It takes a personal approach to investment management for its affluent clients. Its portfolio managers take the time to thoroughly develop close relationships with these clients, and carefully document their personal profiles of financial and investment goals, objectives, and risk constraints through Investment Policy Statements (IPS).


In addition, TD Waterhouse Private Investment Counsel portfolios are customized as assets grow. These portfolios are developed using appropriate investment solutions based on personal objectives, risk tolerance, income needs, and tax requirements. It helps these clients manage risk in two important ways:

  • Carefully diversifying portfolios to reduce overall volatility
  • Comprehensive research into the securities selected

Another one of the ‘big banks,’ Scotiabank, has also taken steps to recognize the importance of banking to this sector in Canada. In May of 2006, it bought a 51 per cent interest in Corporate Planning Associates Inc. (CPA), a financial planning firm that has catered to the ultra wealthy for 35 years. Jamie Purves, senior vice-president, CPA Financial Services, says the move allows Scotiabank to gain access to this ultra-high net worth layer of the population, individually worth anywhere from $5 million and up. For CPA, it allows it to continue its specialized services with the added perks of Scotiabank-owned products and services.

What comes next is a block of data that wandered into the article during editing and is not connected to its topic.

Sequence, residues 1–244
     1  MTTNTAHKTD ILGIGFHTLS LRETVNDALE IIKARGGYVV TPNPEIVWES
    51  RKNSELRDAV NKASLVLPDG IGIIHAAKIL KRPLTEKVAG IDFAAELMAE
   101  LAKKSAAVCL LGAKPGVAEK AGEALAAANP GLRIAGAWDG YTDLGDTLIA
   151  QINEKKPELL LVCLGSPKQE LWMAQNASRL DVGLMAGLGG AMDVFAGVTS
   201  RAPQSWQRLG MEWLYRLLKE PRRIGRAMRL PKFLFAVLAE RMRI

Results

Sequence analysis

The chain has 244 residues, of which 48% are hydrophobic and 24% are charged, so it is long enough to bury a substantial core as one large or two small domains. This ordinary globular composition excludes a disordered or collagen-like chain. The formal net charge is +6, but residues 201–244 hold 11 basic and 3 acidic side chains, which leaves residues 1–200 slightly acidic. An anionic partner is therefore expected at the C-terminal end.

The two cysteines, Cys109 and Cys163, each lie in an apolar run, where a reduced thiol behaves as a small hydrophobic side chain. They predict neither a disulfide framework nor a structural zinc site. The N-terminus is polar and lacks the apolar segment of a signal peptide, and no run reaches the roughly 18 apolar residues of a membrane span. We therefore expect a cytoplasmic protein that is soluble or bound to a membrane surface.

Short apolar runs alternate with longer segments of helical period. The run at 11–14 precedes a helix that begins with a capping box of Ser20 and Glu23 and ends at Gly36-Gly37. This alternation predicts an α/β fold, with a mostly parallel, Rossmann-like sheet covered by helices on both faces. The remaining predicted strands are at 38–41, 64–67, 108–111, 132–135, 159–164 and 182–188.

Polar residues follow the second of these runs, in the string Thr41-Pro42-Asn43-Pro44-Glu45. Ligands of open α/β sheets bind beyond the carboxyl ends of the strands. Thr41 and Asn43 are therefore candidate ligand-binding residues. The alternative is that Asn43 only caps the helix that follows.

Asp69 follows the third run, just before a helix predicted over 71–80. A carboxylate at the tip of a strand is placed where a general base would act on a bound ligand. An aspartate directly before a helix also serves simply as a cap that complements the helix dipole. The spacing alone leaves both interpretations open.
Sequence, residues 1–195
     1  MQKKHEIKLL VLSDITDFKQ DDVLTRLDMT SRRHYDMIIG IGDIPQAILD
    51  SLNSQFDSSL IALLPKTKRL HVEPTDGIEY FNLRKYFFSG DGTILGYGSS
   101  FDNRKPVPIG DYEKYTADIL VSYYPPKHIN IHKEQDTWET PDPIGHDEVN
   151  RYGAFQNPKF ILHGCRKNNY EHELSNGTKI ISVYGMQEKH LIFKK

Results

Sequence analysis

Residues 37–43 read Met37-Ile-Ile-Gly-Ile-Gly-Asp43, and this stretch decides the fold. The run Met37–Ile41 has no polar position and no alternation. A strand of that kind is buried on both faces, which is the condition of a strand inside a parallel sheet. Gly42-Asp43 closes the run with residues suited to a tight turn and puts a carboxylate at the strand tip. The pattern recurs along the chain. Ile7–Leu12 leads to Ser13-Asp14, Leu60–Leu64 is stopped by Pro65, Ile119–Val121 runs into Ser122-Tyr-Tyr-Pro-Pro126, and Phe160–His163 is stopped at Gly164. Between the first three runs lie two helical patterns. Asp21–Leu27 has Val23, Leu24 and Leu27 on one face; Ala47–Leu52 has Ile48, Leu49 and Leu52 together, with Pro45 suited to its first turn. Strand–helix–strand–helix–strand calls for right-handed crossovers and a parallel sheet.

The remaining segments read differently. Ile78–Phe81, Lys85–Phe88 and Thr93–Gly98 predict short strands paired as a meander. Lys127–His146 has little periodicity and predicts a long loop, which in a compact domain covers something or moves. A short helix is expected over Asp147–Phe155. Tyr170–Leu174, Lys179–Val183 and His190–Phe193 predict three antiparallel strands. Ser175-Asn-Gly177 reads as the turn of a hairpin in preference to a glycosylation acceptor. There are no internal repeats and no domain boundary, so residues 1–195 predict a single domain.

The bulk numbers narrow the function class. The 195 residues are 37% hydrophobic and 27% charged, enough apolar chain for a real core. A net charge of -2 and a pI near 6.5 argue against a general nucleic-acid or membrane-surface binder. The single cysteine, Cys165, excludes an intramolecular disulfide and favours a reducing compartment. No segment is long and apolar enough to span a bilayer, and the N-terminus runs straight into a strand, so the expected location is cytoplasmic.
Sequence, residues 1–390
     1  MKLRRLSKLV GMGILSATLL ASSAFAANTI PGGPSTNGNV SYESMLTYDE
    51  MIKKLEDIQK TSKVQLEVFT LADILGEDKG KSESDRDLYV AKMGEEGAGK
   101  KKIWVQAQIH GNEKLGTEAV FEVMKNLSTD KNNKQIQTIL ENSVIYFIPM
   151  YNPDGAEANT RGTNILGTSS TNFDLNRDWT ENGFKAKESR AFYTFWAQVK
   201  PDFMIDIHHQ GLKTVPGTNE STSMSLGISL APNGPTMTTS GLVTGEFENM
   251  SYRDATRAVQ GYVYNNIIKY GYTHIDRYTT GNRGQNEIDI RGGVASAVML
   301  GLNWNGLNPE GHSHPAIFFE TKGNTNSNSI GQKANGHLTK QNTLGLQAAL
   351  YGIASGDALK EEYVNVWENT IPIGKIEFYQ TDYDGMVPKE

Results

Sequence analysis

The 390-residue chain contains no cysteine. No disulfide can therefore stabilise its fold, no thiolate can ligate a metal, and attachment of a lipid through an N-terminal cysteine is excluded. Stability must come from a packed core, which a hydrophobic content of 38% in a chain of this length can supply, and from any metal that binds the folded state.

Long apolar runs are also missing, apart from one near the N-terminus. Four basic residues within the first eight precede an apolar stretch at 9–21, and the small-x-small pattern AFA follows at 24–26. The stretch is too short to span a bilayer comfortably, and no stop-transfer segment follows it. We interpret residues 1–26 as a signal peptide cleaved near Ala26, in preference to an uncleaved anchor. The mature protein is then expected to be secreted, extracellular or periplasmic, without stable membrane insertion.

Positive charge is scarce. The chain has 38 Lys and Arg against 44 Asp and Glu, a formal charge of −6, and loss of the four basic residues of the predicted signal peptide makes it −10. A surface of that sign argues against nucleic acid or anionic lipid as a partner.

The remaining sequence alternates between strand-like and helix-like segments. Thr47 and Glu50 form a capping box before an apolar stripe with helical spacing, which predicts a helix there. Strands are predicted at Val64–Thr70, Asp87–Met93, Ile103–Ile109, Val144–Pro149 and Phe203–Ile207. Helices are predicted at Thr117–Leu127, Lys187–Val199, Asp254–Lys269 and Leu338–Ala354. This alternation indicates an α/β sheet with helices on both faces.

CPA had its start in 1974, when its founders were approached by a major Canadian company keen on keeping its top executives focused on their jobs rather than their portfolios. The notion hasn’t changed greatly over the years, Purves says, as highly affluent individuals continue to turn to them to handle the complexities their wealth brings.

“As complexity increases, we become more and more relevant in the lives of our clients. It is really important when you start getting up into that ultra-high net worth. The issues that they’re facing, or the planning opportunities that they’re able to take advantage of, increase,” Purves says.

Natasha Fauque, private wealth manager, Desjardins Group, agrees that high net worth clients, above all, want their lives simplified. That’s precisely why these individuals and families turn to specialized banking services.

With more than 2,000 client/family group accounts, Fauque says its focus is on making high net worth families’ lives easier by providing access to a wide range of experts. She says its inhouse specialists – notaries, tax specialists, and financial planners – are on hand, exclusively, to perform high-level assessments on matters such as real estate issues, liquidation of assets, and selling or passing on a family business.